The White House and Environmental Protection Agency did not immediately respond to calls and emails requesting comment on Monday night.
The report concludes that even if humans immediately stopped emitting greenhouse gases into the atmosphere, the world would still feel at least an additional 0.50 degrees Fahrenheit (0.30 degrees Celsius) of warming over this century compared with today. 

The projected actual rise, scientists say, will be as much as 2 degrees Celsius.
A small difference in global temperatures can make a big difference in the climate: The difference between a rise in global temperatures of 1.5 degrees Celsius and one of 2 degrees Celsius, for example, could mean longer heat waves, more intense rainstorms and the faster disintegration of coral reefs.

Among the more significant of the study’s findings is that it is possible to attribute some extreme weather to climate change. 

The field known as “attribution science” has advanced rapidly in response to increasing risks from climate change.
The E.P.A. is one of 13 agencies that must approve the report by Aug. 18.

 The agency’s administrator, Scott Pruitt, has said he does not believe that carbon dioxide is a primary contributor to global warming.
“It’s a fraught situation,” said Michael Oppenheimer, a professor of geoscience and international affairs at Princeton University who was not involved in the study. 

“This is the first case in which an analysis of climate change of this scope has come up in the Trump administration, and scientists will be watching very carefully to see how they handle it.”


Scientists say they fear the Trump administration could change or suppress the report. 

But those who challenge scientific data on human-caused climate change say they are equally worried that the draft report, as well as the larger National Climate Assessment, will be publicly released.
“The National Climate Assessment seems to be on autopilot because there’s no political that has taken control of it,” said Myron Ebell, a senior fellow at the Competitive Enterprise Institute. He was referring to a lack of political direction from the Trump administration.
The report says significant advances have been made linking human influence to individual extreme weather events since the last National Climate Assessment was produced in 2014. Still, it notes, crucial uncertainties remain.
It cites the European heat wave of 2003 and the record heat in Australia in 2013 as specific episodes where “relatively strong evidence” showed that a man-made factor contributed to the extreme weather.

In the United States, the authors write, the heat wave that broiled Texas in 2011 was more complicated. 

That year was Texas’ driest on record, and one study cited in the report said local weather variability and La Niña were the primary causes, with a “relatively small” warming contribution. Another study had concluded that climate change made extreme events 20 times more likely in Texas.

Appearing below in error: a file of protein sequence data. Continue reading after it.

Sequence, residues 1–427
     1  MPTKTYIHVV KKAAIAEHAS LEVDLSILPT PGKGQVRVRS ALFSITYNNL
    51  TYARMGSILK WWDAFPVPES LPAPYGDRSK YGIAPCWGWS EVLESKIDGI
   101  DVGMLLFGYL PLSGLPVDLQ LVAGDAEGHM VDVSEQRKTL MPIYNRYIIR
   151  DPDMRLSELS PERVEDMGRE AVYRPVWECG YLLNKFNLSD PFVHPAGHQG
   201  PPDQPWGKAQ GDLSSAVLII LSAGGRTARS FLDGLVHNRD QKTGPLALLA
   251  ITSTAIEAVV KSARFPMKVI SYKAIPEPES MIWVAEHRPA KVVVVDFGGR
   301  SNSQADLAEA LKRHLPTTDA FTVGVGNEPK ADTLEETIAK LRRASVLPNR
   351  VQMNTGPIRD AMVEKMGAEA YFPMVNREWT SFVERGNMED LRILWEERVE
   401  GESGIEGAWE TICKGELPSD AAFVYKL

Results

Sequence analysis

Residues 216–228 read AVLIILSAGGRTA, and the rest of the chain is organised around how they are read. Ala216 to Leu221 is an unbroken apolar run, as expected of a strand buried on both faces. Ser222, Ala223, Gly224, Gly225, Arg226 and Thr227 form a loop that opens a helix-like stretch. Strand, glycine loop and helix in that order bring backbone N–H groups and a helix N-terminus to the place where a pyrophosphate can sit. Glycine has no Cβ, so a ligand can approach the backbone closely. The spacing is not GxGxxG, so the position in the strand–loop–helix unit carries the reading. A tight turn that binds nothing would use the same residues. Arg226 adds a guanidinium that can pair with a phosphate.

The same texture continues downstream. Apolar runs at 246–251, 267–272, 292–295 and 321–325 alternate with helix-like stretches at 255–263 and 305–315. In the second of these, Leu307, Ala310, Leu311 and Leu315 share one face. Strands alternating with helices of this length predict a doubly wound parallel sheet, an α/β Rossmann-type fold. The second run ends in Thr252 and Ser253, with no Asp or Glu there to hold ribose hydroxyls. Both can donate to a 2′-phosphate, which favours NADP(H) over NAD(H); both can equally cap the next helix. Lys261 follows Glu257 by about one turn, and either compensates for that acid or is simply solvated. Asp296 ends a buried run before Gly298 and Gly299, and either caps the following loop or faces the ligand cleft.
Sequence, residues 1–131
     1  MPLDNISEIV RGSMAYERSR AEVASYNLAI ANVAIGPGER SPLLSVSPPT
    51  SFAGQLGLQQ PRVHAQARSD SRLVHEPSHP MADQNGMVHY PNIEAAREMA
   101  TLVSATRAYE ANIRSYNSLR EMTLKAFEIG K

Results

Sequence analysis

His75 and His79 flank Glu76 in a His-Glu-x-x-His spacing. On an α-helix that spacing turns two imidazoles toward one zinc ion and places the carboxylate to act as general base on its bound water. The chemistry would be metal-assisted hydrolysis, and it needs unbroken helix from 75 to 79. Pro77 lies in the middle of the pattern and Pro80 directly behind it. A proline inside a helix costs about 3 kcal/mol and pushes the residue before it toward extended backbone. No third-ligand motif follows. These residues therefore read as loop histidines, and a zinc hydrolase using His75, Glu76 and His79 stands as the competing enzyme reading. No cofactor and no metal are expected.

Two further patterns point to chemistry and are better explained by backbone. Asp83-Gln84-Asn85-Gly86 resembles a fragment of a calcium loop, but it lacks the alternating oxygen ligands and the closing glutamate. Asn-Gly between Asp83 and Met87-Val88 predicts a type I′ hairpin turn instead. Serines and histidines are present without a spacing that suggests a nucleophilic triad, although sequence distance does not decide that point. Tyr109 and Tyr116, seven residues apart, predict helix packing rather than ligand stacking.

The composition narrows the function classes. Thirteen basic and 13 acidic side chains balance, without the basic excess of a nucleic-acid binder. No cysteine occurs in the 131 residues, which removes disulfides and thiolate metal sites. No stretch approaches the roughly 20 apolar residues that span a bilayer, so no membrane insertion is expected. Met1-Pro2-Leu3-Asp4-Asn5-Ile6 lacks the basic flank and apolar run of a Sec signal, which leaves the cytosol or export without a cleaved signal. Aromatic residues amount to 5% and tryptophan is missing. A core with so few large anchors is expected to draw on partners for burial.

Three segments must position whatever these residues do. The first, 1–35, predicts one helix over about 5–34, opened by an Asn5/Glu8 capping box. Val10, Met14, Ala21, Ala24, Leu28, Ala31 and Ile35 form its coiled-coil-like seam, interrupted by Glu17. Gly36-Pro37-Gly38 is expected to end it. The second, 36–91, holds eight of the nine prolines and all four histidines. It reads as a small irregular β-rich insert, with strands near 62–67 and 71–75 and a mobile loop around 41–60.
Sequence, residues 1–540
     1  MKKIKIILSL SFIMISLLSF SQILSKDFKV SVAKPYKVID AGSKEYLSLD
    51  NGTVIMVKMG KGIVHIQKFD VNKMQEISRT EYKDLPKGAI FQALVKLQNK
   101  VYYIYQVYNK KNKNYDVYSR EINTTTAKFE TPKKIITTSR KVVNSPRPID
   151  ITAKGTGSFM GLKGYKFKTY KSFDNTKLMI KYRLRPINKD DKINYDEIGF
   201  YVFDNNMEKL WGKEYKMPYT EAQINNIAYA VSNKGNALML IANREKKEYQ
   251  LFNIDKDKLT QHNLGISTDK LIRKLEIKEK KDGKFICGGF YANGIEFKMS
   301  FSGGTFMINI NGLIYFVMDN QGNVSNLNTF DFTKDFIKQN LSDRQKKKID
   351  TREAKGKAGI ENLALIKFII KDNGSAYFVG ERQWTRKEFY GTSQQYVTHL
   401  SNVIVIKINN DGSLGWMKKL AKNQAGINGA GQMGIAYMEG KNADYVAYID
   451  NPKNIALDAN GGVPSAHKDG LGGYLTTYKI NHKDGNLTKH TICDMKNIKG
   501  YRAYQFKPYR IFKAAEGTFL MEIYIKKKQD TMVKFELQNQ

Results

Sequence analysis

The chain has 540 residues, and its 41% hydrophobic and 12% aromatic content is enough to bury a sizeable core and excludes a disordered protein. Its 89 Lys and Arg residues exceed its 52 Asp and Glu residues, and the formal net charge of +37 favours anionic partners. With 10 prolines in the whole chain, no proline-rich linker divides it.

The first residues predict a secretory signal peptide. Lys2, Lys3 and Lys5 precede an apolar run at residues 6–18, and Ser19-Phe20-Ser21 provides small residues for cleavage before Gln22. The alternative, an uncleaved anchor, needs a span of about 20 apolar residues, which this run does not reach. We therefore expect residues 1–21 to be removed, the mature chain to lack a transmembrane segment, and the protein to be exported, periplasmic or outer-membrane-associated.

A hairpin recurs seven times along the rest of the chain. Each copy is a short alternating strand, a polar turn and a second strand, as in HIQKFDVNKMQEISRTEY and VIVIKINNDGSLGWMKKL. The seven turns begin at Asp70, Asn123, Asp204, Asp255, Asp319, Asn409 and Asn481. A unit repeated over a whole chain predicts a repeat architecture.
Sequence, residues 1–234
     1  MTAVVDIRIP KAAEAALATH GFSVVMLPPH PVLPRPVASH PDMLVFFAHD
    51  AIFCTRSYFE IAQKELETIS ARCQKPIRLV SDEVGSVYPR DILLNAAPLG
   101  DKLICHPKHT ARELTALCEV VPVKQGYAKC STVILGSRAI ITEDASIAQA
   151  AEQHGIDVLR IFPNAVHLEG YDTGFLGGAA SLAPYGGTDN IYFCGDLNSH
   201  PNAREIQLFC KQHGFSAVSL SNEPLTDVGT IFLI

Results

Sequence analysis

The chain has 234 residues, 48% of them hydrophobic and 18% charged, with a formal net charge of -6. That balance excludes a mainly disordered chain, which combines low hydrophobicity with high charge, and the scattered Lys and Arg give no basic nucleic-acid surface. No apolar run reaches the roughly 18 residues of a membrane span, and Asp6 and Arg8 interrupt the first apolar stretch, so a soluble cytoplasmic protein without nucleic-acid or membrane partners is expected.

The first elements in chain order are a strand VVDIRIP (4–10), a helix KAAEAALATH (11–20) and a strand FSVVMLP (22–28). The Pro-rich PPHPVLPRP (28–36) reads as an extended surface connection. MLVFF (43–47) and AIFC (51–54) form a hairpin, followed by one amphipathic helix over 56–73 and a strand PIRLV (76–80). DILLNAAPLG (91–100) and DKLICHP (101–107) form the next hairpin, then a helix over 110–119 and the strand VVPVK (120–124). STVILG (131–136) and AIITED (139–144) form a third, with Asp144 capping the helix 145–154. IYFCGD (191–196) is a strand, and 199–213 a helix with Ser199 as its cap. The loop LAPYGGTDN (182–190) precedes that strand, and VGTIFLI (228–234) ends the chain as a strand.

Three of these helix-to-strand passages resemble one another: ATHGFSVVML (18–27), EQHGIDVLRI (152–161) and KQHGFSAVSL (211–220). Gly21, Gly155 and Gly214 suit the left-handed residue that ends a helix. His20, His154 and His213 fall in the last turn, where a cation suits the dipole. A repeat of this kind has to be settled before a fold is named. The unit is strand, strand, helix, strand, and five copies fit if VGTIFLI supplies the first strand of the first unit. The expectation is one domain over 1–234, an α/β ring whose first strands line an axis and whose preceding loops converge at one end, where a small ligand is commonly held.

Based on those and other conflicting studies, the federal draft concludes that there was a medium likelihood that climate change played a role in the Texas heat wave. But it avoids assessing other individual weather events for their link to climate change. Generally, the report described linking recent major droughts in the United States to human activity as “complicated,” saying that while many droughts have been long and severe, they have not been unprecedented in the earth’s hydrologic natural variation.
Worldwide, the draft report finds it “extremely likely” that more than half of the global mean temperature increase since 1951 can be linked to human influence.
In the United States, the report concludes with “very high” confidence that the number and severity of cool nights has decreased since the 1960s, while the frequency and severity of warm days has increased. Extreme cold waves, it says, are less common since the 1980s, while extreme heat waves are more common.
The study examines every corner of the United States and finds that all of it was touched by climate change. The average annual temperature in the United States will continue to rise, the authors write, making recent record-setting years “relatively common” in the near future. It projects increases of 5.0 to 7.5 degrees Fahrenheit (2.8 to 4.8 degrees Celsius) by the late century, depending on the level of future emissions.
It says the average annual rainfall across the country has increased by about 4 percent since the beginning of the 20th century. Parts of the West, Southwest and Southeast are drying up, while the Southern Plains and Midwest are getting wetter.
With a medium degree of confidence, the authors linked the contribution of human-caused warming to rising temperatures over the Western and Northern United States. It found no direct link in the Southeast.